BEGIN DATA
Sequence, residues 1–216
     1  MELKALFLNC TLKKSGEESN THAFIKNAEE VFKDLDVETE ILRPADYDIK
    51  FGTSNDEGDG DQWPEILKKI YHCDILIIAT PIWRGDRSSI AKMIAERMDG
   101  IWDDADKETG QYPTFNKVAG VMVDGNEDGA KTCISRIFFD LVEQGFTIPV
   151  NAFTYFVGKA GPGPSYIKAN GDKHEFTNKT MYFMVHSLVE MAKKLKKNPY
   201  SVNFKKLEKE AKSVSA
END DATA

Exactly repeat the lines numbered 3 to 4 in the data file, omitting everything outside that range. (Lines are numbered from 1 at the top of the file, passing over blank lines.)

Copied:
    51  FGTSNDEGDG DQWPEILKKI YHCDILIIAT PIWRGDRSSI AKMIAERMDG
   101  IWDDADKETG QYPTFNKVAG VMVDGNEDGA KTCISRIFFD LVEQGFTIPV